To die to give you life, 'neath your skies to expire,
And in your mystic land to sleep through eternity !

If over my tomb some day, you would see blow,
A simple humble flow'r amidst thick grasses,
Bring it up to your lips and kiss my soul so,
And under the cold tomb, I may feel on my brow,
Warmth of your breath, a whiff of your tenderness.

Let the moon with soft, gentle light me descry,
Let the dawn send forth its fleeting, brilliant light,
In murmurs grave allow the wind to sigh,
And should a bird descend on my cross and alight,
Let the bird intone a song of peace o'er my site.

Let the burning sun the raindrops vaporize
And with my clamor behind return pure to the sky;
Let a friend shed tears over my early demise;
And on quiet afternoons when one prays for me on high,
Pray too, oh, my Motherland, that in God may rest I.

Pray thee for all the hapless who have died,
For all those who unequalled torments have undergone;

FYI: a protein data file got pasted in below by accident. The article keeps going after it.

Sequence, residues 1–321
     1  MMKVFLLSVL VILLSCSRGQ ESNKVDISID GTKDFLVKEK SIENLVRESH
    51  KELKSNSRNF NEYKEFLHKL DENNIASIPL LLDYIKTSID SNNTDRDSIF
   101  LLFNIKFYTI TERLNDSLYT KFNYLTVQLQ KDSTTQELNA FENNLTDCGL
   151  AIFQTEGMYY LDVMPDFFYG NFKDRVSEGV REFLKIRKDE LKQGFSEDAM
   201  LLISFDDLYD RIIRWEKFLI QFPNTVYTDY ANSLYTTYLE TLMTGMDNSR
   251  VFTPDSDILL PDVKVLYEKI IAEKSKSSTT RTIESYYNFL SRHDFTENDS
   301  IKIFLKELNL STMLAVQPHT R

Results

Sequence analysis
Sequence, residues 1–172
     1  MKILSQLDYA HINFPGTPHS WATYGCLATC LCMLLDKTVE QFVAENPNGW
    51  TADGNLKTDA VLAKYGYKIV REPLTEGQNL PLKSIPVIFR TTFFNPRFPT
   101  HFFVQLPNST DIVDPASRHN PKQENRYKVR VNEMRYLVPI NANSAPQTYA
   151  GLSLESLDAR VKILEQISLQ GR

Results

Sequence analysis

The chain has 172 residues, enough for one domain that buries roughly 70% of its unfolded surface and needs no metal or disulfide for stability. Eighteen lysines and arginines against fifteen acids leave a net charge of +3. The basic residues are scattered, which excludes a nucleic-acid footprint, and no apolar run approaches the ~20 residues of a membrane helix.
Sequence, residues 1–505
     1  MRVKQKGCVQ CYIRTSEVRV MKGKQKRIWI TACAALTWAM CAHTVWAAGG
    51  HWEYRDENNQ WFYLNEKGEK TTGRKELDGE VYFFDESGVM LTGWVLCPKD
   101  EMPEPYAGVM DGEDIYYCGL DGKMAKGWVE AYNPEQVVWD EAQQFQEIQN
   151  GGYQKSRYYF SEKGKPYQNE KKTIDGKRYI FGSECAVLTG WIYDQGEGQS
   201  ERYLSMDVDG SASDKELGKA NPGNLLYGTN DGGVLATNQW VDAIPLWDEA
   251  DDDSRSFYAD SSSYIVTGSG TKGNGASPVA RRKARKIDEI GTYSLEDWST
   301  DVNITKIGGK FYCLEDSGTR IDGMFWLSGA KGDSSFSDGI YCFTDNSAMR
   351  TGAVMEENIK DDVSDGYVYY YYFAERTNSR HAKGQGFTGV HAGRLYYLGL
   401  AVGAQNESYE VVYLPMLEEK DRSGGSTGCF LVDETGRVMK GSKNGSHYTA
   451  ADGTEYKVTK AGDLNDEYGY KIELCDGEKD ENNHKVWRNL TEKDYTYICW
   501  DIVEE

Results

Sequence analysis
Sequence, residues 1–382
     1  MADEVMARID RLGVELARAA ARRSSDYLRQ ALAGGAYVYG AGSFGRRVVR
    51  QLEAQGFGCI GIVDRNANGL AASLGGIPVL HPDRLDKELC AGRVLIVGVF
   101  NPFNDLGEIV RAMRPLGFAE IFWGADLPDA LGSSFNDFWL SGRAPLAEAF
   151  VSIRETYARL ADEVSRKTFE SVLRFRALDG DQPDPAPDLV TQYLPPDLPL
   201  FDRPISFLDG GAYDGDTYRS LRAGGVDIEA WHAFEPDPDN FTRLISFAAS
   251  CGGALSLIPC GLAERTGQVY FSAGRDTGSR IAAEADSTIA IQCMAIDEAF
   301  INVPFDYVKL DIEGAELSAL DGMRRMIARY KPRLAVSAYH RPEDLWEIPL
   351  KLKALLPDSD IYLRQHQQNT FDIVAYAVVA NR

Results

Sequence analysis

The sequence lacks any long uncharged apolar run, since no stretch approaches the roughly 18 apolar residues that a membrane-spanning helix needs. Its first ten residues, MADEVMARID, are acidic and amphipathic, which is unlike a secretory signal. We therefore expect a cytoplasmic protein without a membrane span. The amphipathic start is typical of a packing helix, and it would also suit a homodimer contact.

For our poor mothers who in bitterness have cried;
For orphans, widows and captives to tortures were shied,
And pray too that you may see you own redemption.

And when the dark night wraps the cemet'ry
And only the dead to vigil there are left alone,
Don't disturb their repose, don't disturb the mystery:
If you hear the sounds of cithern or psaltery,
It is I, dear Country, who, a song t'you intone.

And when my grave by all is no more remembered,
With neither cross nor stone to mark its place,
Let it be plowed by man, with spade let it be scattered
And my ashes ere to nothingness are restored,
Let them turn to dust to cover your earthly space.